By GREGORY KATZ, Associated Press
LONDON (AP) — British police on Thursday announced “the first significant arrest” in the 1984 killing of London policewoman Yvonne Fletcher, shot dead from inside the Libyan embassy in an incident that solidified Libya’s reputation as a rogue state.
Commander Richard Walton, head of Scotland Yard’s counter-terrorism unit, said a Libyan man in his 50s was arrested Thursday morning on suspicion of conspiracy to murder. A man and a woman, also Libyans, were arrested on the lesser charge of money-laundering in relation to the Fletcher case.
“Over the past 31 years we have never lost our resolve to solve this case, to bring to justice those who conspired to commit this act of murder,” Walton said.
Fletcher was killed and 10 others injured on April 17, 1984, when someone opened fire with a submachine gun from inside the Libyan People’s Bureau on St. James’ Square in central London. Fletcher was policing a demonstration outside the embassy when she was killed.
A large group of demonstrators opposed to Libyan dictator Moammar Gadhafi were protesting outside the embassy while Gadhafi supporters held a rally nearby.
Fletcher was shot in the back when shots rang out from inside the embassy. A 10-day siege followed the shooting before 30 people holed up inside the embassy were deported to Libya. The shooting led to a prolonged rupture in relations between Britain and Libya.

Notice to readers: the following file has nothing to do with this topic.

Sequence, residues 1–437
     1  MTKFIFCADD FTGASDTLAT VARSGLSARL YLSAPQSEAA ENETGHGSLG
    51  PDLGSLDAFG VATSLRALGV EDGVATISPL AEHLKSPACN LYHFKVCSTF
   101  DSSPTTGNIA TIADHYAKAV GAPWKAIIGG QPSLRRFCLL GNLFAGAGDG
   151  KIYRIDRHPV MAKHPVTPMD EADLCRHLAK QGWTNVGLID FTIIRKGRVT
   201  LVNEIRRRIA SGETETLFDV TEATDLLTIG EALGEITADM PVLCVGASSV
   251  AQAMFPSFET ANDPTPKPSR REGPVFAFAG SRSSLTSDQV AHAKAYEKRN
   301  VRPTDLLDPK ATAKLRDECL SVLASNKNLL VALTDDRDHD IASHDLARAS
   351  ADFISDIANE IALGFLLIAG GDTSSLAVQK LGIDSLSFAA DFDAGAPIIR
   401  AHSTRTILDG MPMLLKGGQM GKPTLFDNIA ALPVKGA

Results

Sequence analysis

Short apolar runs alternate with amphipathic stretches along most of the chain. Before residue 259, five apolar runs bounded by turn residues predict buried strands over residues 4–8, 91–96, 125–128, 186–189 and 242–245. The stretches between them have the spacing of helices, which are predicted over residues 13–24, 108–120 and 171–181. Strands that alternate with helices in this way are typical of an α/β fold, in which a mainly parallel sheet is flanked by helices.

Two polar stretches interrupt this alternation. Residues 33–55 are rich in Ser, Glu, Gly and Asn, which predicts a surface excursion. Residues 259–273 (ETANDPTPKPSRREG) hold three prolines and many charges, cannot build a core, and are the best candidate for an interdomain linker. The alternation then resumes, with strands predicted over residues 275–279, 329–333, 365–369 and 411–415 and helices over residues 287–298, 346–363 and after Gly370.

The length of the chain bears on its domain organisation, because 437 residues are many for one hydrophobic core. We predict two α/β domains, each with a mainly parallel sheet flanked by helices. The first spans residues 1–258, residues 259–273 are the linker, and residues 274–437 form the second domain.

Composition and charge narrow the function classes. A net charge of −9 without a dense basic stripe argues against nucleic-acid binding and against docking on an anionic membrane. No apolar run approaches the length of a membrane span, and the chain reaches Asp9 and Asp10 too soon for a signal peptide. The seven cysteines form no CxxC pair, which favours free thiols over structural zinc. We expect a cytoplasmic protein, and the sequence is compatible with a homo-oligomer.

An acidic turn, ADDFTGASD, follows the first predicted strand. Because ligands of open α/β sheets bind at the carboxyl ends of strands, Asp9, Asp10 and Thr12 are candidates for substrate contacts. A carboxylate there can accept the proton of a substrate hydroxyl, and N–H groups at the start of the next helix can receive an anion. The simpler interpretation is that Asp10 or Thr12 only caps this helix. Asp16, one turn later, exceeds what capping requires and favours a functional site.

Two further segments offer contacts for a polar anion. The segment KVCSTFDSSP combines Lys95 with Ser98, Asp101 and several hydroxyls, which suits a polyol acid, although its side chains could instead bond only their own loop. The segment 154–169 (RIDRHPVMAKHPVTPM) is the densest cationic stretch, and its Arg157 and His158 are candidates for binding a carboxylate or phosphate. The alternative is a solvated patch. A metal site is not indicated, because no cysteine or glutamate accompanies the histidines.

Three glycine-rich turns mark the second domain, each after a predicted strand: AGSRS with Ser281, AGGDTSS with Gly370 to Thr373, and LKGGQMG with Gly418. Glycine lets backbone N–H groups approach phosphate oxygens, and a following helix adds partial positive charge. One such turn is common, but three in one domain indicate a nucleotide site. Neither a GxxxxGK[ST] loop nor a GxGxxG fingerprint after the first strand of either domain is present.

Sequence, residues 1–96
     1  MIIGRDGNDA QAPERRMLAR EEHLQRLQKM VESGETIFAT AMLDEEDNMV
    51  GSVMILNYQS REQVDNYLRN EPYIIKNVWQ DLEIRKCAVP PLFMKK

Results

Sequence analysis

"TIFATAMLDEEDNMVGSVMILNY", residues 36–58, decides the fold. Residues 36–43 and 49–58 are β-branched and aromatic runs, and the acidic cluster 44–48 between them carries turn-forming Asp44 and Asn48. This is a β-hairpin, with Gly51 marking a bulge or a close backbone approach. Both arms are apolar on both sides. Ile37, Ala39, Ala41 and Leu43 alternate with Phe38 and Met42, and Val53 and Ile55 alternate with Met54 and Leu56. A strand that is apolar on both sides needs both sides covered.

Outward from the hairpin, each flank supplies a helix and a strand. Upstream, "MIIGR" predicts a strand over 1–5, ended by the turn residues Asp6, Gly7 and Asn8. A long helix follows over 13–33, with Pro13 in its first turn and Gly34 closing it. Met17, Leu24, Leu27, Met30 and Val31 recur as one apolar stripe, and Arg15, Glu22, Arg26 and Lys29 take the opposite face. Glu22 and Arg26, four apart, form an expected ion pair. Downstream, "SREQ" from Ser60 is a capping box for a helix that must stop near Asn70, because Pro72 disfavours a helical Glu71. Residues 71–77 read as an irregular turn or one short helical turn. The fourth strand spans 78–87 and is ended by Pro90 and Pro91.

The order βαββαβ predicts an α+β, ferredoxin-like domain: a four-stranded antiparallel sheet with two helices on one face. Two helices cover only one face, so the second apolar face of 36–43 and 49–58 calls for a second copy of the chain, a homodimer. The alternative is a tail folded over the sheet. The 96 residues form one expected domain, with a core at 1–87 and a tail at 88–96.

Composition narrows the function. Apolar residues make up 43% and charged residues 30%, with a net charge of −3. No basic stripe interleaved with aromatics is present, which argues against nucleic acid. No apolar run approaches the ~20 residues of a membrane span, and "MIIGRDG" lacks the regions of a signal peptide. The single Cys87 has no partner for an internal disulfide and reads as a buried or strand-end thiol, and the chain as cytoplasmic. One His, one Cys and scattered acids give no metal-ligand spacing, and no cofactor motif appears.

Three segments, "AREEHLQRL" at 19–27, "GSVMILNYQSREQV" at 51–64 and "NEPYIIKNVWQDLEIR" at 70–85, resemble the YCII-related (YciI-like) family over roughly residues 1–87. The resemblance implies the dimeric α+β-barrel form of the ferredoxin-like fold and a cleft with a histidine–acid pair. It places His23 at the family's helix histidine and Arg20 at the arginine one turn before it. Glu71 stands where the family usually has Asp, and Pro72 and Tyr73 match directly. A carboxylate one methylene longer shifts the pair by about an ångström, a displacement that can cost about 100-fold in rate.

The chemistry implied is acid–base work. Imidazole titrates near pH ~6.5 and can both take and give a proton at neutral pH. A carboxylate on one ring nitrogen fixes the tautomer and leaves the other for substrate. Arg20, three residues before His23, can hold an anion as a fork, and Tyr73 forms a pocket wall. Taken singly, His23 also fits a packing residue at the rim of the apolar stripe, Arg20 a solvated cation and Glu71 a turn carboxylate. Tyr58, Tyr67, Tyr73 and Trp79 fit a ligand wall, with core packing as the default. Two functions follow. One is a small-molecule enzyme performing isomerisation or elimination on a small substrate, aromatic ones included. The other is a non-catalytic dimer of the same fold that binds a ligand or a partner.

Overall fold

Police said in a statement that the incident was orchestrated from Libya as part of a campaign to attack dissidents overseas. The statement said the fall of Gadhafi’s regime and his death in 2011 “provided access to new lines of inquiry” that aided the 31-year-old investigation.
Scotland Yard said “new information” came to light that helped investigators better understand the conspiracy.
Police are offering a reward of up to 50,000 pounds ($ 76,000) for information leading to those responsible for the killing and are releasing footage from the demonstration moments before the shooting started.
Walton said police particularly want to talk to people who were part of the pro-Gadhafi demonstration, including those who may be living in Libya or in other parts of the world.
“Allegiances change and we hope with the passage of time, witnesses who have not spoken to us will examine their consciences and come forward,” he said.
Fletcher’s family also released a statement asking anyone with information to contact police.
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